If you read Part One candidacy.
If that’s the case, what can you do about it before you send in your application? Here are four steps to consider.
If delaying your applications for another year would not disrupt your life, consider doing so. However, it's simply not enough to add 12 more months of employment to your resume. Rather, you need to use that extra time to strengthen your candidacy beyond mere duration.
This will convey to schools that your superiors trust, respect, and value you. Seeking opportunities to interact with senior executives will reveal your self-confidence and upward mobility; you might even develop a relationship with someone who can serve as an impressive recommender. Remember: the shorter the duration of your employment, the more you need to compensate by being an overachiever.
If your current role is one that focuses more on "process" than "outcomes," find out from fellow employees what those outcomes are, so you can rightly claim that you contributed to them. If your project is not going to be completed before the MBA application due date, you should present the projected results.
Say your company has relatively low visibility in the marketplace. Or perhaps you're working for a startup which isn't even in business yet. The best way to compete against MBA applicants from high-profile "feeder" firms and corporations is to convince the admissions committee that you have more responsibility, and therefore, make a greater impact than your peers at similar companies. If you can't make that happen on the job, use your affiliations with well-known non-profit organizations as a platform to demonstrate your leadership effectiveness.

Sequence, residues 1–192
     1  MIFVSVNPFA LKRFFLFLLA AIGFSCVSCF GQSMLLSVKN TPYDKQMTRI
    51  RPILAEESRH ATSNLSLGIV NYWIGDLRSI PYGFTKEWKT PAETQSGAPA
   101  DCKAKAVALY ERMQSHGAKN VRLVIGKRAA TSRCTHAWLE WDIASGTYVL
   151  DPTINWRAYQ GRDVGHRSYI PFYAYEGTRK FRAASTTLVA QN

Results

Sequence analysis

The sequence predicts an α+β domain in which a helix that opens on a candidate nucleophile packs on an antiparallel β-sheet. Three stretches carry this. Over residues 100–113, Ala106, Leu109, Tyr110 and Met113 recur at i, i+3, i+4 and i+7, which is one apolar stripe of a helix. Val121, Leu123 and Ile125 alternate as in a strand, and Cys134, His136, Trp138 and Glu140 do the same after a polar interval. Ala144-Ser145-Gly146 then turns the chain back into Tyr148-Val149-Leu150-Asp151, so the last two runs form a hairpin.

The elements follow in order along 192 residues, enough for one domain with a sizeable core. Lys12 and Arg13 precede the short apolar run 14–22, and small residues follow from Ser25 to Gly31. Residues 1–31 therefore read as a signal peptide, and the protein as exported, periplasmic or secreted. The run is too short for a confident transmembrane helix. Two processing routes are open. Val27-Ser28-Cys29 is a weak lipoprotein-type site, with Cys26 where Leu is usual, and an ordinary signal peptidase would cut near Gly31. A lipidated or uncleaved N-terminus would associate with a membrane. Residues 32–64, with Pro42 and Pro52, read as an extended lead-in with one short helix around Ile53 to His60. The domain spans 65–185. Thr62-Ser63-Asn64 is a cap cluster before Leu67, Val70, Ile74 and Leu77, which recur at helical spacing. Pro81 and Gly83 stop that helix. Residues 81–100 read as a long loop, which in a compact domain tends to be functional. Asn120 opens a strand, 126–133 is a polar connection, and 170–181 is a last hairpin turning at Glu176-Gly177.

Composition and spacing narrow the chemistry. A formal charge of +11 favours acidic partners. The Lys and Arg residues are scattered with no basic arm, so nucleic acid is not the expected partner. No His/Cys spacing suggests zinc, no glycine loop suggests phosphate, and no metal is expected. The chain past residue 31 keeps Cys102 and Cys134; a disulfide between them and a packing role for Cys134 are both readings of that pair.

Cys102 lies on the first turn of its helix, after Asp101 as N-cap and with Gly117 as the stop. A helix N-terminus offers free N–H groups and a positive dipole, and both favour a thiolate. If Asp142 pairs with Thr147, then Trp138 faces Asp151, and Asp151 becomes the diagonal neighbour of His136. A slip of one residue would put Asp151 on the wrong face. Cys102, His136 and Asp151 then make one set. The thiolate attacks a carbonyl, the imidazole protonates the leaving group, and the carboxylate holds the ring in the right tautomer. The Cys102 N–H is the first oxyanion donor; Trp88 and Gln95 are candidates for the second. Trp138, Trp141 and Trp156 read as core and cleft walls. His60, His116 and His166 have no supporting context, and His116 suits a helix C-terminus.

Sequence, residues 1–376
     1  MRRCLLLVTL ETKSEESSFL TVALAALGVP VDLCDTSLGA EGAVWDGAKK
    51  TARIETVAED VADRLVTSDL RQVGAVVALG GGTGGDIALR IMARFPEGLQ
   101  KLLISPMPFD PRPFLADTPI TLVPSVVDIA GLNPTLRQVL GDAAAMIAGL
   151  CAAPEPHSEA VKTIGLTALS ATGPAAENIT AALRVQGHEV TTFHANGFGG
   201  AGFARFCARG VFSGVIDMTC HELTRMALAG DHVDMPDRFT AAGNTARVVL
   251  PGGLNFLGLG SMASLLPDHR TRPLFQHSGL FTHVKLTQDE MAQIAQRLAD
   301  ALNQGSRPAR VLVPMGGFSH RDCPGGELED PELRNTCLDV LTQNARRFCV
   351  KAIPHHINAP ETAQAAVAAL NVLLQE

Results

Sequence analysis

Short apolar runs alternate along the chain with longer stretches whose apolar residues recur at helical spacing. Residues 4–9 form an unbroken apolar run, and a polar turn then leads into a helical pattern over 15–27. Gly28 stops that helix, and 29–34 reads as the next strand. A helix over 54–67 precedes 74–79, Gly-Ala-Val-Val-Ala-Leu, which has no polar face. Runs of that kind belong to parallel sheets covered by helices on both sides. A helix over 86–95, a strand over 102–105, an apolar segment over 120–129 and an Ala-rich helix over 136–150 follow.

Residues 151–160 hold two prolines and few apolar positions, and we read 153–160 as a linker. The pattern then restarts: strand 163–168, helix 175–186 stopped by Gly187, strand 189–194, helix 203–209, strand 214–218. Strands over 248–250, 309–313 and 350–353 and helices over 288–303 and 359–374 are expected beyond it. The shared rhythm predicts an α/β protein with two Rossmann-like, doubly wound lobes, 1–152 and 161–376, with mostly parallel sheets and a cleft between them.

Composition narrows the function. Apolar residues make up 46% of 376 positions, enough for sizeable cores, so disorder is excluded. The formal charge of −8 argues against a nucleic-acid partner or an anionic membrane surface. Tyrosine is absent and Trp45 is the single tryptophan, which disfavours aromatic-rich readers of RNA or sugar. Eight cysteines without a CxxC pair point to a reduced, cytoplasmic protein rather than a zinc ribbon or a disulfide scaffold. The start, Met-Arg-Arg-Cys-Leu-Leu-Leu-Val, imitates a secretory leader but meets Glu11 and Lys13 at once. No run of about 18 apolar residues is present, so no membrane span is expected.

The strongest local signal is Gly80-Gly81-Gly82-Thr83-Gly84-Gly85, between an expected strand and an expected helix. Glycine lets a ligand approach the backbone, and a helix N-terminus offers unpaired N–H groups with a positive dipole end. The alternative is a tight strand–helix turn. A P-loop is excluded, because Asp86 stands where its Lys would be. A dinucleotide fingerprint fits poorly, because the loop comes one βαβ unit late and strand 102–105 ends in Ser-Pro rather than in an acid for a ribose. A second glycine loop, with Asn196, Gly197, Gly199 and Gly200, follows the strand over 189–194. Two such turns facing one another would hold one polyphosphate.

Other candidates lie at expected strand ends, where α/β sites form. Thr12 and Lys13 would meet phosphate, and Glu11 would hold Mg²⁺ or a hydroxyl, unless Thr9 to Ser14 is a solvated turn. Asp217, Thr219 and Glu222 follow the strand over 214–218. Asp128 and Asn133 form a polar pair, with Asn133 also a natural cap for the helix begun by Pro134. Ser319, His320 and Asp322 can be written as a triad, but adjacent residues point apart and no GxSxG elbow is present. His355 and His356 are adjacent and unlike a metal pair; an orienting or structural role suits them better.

Work experience can become a competitive advantage if you understand how you compare with other applicants, confront your vulnerabilities, and capitalize on your improvements. If you can, your first step might be to get an objective, expert evaluation of your candidacy from a b-school admissions expert, like those found at the MBA Exchange.